BYB, you mention privacy and I can't argue with that.

Not sure if I understand what concerns you about a limited company and privacy. 

Your name will be known, but have the correspondence and registered office somewhere other than your home, maybe your accountants, for a nominal fee. Your home address is not on the public register that way.

You could have nominee directors and not even have your name against it. That'll cost more, but is an option.

It doesn't have to say Mr and Mrs BYB, BYB house, BYB street, town, postcode etc.

If that is your concern? 

Much respect for all you do and enjoying the YouTube channel! 

There is the public accounts each year too. I am old fashioned about my privacy.

That and the admin of a ltd company are arduous

Share this post


Link to post
Share on other sites

But they do not really give much away.

Check what type of accounts need filing based on your criteria and expected growth. Hope you'll be suprised just how little information is published.

Certainly wont be clear how much money you 'actually made'.

I understand your views, but wonder if you are dismissing it, without all the facts.

I look at company accounts on companies house, knowing what the situation is at that company. What's on paper is often magnitudes better or worse than reality.

Share this post


Link to post
Share on other sites
Just now, TopHatsTales said:

But they do not really give much away.

Check what type of accounts need filing based on your criteria and expected growth. Hope you'll be suprised just how little information is published.

Certainly wont be clear how much money you 'actually made'.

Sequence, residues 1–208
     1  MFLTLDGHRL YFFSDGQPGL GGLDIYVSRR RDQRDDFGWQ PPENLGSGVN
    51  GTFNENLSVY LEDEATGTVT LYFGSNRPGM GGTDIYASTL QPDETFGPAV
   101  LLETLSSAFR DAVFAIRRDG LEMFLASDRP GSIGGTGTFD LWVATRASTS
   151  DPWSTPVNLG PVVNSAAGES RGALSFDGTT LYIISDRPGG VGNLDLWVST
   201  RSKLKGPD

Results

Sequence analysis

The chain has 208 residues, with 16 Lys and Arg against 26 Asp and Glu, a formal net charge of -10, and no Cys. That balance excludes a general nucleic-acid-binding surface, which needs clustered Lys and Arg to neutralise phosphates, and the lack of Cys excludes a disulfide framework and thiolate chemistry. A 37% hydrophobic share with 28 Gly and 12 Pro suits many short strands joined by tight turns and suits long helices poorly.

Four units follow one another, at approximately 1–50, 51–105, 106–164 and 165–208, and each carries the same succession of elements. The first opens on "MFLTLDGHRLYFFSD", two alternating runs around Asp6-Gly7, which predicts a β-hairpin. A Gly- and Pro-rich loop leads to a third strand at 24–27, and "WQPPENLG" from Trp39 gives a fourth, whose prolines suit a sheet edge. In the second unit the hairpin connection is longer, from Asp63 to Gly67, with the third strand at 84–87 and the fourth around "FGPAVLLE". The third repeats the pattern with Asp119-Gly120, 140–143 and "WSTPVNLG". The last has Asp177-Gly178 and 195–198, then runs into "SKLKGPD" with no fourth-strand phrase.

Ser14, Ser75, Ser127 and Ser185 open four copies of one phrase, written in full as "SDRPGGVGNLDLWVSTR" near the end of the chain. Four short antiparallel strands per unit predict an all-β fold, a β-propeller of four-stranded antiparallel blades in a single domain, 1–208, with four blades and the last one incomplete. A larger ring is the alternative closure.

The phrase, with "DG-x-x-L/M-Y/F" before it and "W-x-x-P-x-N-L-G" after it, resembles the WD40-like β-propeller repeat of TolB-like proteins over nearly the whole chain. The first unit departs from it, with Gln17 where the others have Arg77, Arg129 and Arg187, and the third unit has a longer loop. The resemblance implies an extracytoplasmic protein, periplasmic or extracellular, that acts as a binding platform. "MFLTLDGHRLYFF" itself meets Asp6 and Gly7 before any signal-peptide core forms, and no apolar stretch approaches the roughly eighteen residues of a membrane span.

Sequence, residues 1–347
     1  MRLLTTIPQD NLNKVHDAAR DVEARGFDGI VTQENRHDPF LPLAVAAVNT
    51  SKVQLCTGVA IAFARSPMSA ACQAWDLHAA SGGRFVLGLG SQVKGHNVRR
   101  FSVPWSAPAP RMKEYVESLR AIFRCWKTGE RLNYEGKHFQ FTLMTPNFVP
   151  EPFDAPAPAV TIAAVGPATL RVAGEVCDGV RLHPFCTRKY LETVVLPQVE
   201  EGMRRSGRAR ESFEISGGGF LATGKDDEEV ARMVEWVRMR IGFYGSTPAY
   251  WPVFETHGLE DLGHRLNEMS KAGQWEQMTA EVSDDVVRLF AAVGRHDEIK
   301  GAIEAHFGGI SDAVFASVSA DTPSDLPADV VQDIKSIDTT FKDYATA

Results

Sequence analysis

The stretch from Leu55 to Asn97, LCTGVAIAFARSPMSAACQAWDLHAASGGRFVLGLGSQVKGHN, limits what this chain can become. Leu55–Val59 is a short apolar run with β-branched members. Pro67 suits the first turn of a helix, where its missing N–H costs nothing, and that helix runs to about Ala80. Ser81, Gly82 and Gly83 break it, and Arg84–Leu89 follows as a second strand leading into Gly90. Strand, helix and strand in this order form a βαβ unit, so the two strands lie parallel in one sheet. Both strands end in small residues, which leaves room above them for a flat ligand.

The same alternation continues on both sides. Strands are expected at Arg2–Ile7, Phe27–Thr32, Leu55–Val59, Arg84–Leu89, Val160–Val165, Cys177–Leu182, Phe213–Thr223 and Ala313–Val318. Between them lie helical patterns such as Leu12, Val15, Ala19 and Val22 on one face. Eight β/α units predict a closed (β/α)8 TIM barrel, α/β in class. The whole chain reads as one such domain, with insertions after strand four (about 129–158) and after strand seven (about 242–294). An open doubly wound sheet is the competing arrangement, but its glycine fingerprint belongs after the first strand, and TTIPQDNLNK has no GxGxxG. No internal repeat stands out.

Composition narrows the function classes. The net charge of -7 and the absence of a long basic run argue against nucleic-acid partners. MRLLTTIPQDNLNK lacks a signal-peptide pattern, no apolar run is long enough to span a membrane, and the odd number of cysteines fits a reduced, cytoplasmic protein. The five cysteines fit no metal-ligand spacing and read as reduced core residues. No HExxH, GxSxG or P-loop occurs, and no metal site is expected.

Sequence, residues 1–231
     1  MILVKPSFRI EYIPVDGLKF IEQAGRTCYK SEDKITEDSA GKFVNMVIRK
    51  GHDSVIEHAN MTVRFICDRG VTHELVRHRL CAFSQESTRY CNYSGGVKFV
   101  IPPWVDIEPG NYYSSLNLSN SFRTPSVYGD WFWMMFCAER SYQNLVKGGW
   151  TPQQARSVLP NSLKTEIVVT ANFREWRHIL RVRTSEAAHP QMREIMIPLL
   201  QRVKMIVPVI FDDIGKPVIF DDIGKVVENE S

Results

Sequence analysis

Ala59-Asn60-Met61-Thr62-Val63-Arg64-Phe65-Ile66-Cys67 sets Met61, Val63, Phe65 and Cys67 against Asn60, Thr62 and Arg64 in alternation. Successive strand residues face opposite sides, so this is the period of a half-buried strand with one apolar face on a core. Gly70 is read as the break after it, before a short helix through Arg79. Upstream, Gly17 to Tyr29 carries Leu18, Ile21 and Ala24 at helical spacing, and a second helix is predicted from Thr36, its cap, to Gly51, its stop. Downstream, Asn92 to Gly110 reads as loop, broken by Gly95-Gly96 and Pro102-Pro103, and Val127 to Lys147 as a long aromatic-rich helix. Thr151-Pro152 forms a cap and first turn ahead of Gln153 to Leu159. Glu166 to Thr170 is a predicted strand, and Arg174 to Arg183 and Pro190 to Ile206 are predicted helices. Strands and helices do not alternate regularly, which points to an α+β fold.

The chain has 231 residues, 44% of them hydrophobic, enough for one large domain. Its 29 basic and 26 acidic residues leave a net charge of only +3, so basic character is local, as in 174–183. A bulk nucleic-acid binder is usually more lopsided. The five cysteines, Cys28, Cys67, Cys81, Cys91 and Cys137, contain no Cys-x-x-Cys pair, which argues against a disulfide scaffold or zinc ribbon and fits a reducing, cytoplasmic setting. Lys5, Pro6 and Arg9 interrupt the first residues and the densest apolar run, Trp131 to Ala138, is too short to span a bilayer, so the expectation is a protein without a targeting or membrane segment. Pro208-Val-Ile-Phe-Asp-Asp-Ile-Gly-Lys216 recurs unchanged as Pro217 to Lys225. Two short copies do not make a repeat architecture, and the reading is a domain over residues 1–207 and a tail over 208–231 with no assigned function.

I understand your views, but wonder if you are dismissing it, without all the facts.

I look at company accounts on companies house, knowing what the situation is at that company. What's on paper is often magnitudes better or worse than reality.

I know all the facts quite well. I have a number of friends that run their own Ltd companies and whilst there are admitidly a lot of benefits there are also a lot of negatives that don't suit out situation. So at this time we would prefer to keep things as a sole trader arrangement - not ruling out a Ltd company one day, but for right now we are good. 

Thanks for the suggestions and info though!

Share this post


Link to post
Share on other sites

Join the conversation

You can post now and register later. If you have an account, sign in now to post with your account.
Note: Your post will require moderator approval before it will be visible.

Guest
Reply to this topic...

×   Pasted as rich text.   Paste as plain text instead

  Only 75 emoji are allowed.

×   Your link has been automatically embedded.   Display as a link instead

×   Your previous content has been restored.   Clear editor

×   You cannot paste images directly. Upload or insert images from URL.